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Patients With Myeloproliferative Neoplasms May Have Increased Thrombosis Risk

For years, many health care professionals noticed that patients with myeloproliferative neoplasms (MPNs) tend to experience thrombosis more than the average person. Now, a recent population-based study conducted in Sweden confirmed their suspicions.
BY Brielle Urciuoli
PUBLISHED February 06, 2018
For years, many health care professionals noticed that patients with myeloproliferative neoplasms (MPNs) tend to experience thrombosis more than the average person. Now, a recent population-based study conducted in Sweden confirmed their suspicions.

“The magnitude of the risk for thrombosis in patients with MPNs in relation to the general population is largely unknown,” the researchers wrote in their study, which was published in the Annals of Internal Medicine.

“Therefore, we conducted a comprehensive population-based study to assess the relative risk for thrombosis in patients with MPNs compared with matched control participants overall and in relation to clinical features and follow-up time.”

Using the Swedish Cancer Register, the researchers examined 9,429 patients with MPNs and 35,820 matched control participants. Patients and controls were then followed until their first thrombotic event – meaning they had blood clotting in their circulatory system. Hazard ratios (HRs) were then calculated to see the degree of correlation.

“The rate of thrombosis was significantly higher in patients with MPNs, and the highest HR was observed shortly after MPN diagnosis,” the authors wrote.

Researchers observed a nearly 10-fold increase in venous thrombosis (blood clots in the vein) within three months of patients being diagnosed with an MPN. This correlation did decrease over time, but researchers saw an elevated number of thrombotic events at one and five years post-diagnosis.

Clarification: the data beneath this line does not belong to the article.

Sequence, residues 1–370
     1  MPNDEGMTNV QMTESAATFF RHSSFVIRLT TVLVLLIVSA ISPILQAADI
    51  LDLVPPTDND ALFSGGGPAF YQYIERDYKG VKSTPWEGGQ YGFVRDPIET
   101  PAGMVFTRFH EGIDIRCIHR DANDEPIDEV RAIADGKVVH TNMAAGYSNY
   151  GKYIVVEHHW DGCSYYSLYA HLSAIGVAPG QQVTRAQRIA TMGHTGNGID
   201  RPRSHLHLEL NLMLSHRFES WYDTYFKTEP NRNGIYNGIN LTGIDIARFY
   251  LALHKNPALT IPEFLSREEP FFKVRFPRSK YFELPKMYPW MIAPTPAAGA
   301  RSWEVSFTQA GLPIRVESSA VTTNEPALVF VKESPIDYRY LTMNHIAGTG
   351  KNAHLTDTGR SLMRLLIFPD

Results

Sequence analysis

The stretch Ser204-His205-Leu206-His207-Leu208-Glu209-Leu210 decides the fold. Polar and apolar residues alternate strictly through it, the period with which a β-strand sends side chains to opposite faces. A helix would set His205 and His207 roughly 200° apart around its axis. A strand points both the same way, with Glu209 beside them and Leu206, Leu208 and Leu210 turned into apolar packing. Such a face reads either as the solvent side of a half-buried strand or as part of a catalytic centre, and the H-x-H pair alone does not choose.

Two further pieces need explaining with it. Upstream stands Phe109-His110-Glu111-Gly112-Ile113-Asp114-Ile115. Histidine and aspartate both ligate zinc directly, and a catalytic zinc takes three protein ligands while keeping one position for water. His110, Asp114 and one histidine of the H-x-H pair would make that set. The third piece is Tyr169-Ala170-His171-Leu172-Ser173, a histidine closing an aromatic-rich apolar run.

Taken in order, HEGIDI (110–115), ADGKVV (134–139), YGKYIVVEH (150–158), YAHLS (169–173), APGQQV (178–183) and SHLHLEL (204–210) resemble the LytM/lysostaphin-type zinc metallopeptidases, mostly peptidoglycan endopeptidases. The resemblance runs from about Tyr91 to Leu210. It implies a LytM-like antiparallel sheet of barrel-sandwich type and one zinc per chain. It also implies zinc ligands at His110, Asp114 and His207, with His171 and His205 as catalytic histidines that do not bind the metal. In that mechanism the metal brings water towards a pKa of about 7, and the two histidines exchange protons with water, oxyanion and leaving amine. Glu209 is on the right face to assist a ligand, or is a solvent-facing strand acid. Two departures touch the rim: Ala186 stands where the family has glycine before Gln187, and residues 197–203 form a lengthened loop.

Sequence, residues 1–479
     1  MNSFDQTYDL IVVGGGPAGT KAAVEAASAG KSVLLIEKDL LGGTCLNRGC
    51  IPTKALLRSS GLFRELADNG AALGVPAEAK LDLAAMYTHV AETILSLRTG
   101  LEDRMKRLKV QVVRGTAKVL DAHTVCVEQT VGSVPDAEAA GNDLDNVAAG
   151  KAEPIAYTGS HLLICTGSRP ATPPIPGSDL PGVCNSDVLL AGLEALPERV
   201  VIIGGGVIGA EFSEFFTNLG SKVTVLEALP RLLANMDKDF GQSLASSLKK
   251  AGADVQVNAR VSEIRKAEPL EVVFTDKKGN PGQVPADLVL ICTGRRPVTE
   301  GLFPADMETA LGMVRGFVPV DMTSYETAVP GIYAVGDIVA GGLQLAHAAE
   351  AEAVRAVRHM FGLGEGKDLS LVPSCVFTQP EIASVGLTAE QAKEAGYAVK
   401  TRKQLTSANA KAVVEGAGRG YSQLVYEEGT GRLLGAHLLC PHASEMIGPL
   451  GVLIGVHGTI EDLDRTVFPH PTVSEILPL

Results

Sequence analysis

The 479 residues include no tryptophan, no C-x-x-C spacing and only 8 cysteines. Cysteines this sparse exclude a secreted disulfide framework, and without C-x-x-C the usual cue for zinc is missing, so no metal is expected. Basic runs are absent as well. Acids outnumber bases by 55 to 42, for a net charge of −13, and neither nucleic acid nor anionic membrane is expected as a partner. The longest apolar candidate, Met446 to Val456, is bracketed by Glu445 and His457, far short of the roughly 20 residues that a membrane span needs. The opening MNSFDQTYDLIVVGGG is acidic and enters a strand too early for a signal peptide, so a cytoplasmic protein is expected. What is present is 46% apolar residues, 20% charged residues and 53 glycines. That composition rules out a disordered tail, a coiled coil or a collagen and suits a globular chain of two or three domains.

Similarly, the HRs for pulmonary embolism and deep venous thrombosis were also elevated at diagnosis and then decreased as time went on.

The study was conducted between 1987 and 2009, so the researchers noted that the percentage of patients developing thrombosis did decrease over the years, pointing toward improved treatment.

“The excess rate of venous thrombosis decreased during more recent calendar periods, implying a positive effect of improved treatment strategies,” they wrote. “In addition, absolute risk for arterial thrombosis has decreased overall in patients with MPNs and the general population in recent decades.”

The researchers also mentioned that newer, commonly used drugs to treat MPNs, such as Jakafi (ruxolitinib) and interferon, may also decrease a patient’s risk of thrombosis.

However, there is still work to be done. Further analysis of subgroups – particularly younger patients with MPNs – is needed, as well as what other risk factors may be.

“Nevertheless, there are more complex mechanisms than age and prior thrombosis to consider when assessing thrombotic risk in patients with MPNs.”
 
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